Ola! Will duolingo be adding a lesson to the tree, perhaps has a bonus skill? I'm a little confused about the use of the hyphen. I see Portuguese often written with a hyphen in it. what is that about? Ex. Vou deixá-lo em paz. or Vou deixar-te em paz. Translation: I'm going to leave you alone.
Why not just: Eu vou deixá voce em paz.
"Eu vou deixá voce em paz." - although its grammatically incorrect that's pretty much how we speak.
As for the hyphen, its usually only used in formal writing. I personally wouldn't use it while texting with friends. Imagine you chatting with someone and they say "I will leave thee alone" jeez it would come out kinda snobbish: )
the hyphen is used when a clitic object pronoun comes after the verb: in spoken Brazilian Portuguese object pronouns are almost always put before the verb, so you probably won't see it that often:
Vou deixar-te = Vou te deixar = Vou deixar você in Brazil
Note that -r and -s will turn into -l at the end of a verb when o/a/os/as follows:
vou o deixar -> vou deixá-lo (deixar + o)
The hyphen is used whenever an action implicates a second person. Your example perfectly demonstrates this, as "I'm going to leave you alone" translates to "(Eu) vou deixar-te em paz". "Vou deixá você" is incorrect, because it uses the subject pronoun where an object is present (and "deixá" alone is not a word).
Let's look at this in English: "You" does not change whether it is subject or object, but English has differentiated 3rd person object pronouns him and her for he and she respectively. Saying "Eu vou deixar você" is like saying "vou deixar ele" which is "I'm going to leave he" - you want to "leave him" instead, so "deixá-lo", but why the hyphen? Welcome to the world of oblique atonal pronouns - the portuguese way to separate the verb from the object while keeping them connected.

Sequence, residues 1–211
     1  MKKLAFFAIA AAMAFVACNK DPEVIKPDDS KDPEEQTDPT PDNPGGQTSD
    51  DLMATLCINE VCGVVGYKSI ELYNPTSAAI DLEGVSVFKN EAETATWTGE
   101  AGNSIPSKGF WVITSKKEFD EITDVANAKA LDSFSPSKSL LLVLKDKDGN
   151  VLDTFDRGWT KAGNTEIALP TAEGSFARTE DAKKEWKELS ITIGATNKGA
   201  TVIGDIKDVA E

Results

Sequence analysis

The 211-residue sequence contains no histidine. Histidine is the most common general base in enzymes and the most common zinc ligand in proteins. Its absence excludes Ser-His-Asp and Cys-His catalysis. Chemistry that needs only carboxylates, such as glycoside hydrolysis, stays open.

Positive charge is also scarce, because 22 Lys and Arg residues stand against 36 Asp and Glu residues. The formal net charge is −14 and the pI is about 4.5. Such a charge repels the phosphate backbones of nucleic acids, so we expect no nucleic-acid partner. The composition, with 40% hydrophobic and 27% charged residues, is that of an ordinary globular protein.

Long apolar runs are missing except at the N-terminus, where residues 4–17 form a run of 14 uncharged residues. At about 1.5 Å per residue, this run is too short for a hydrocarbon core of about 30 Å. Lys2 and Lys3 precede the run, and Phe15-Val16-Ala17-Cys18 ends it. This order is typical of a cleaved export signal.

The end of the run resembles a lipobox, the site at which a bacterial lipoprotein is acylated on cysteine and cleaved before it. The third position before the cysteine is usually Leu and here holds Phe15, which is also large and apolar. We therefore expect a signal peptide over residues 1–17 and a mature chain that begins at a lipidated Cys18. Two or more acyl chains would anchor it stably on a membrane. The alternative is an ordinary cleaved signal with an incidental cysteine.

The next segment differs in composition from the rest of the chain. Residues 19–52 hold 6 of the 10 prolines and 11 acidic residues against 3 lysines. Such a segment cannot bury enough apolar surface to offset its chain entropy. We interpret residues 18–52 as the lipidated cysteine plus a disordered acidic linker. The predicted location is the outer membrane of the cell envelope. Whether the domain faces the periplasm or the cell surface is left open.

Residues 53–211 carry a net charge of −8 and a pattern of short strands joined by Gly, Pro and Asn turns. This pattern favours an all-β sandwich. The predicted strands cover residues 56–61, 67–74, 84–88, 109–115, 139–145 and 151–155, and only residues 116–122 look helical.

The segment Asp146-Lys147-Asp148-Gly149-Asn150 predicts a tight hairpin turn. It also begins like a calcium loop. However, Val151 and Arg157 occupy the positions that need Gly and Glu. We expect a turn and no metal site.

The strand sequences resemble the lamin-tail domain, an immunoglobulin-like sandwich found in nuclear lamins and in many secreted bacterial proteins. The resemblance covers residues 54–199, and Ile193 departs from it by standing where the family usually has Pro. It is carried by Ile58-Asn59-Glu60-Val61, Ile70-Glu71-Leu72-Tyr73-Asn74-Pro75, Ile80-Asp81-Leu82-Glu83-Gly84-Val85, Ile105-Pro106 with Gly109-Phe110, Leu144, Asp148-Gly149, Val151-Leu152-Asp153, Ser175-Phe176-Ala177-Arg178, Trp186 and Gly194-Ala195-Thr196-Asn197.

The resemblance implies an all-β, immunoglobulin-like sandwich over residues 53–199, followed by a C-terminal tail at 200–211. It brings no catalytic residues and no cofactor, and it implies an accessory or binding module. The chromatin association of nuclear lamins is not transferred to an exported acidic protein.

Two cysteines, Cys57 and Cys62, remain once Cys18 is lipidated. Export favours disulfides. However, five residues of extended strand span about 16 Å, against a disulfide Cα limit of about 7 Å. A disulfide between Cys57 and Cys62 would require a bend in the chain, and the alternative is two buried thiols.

It's not that hard. Here's a basic list to get you started:
- -me is object me
- -te is object you
- -o is (object) him
- -a is (object) her
- -nos is object us
- -vos is object you (plural)
- -os is (object) masc. them
- -as is (object) fem. them
And as relox84 said, any verb ending in -r -z -s loses that last letter in the third person and -o/-a/-os/-as become -lo/-la/-los/-las. It also gains an accent IF it now ends in -a or -e after losing a letter. There are many exceptions, but this post is too long already. Here are some examples:
- fiz + te = fiz-te; fiz + o = fi-lo
- deixar + te = deixar-te; deixar + a = deixá-la
- fazer + nos = fazer-nos; fazer + o = fazê-lo
- ferir + vos = ferir-vos; ferir + os = feri-los
- ouvimos + te = ouvimos-te; ouvimos + as = ouvimo-las
Finally, there are the nasal terminations, which take -no/na/nos/nas.
- viram + o = viram-no
- repõe + os = repõe-nos
- retém + a = retém-na
- tem + as = tem-nas
There are many others (like -ma -mo -ta -to -lhe -lha -lho-lhes -lhas -lhos) but those entail a third object in the sentence, so let's leave them for another time.
Final note: My brazillian friend once told me these have been phased out in Brazil and are considered very posh, but in Portugal they are mandatory and used in common parlance.
Hope this helps! Let me know if you need any more help or if I forgot something.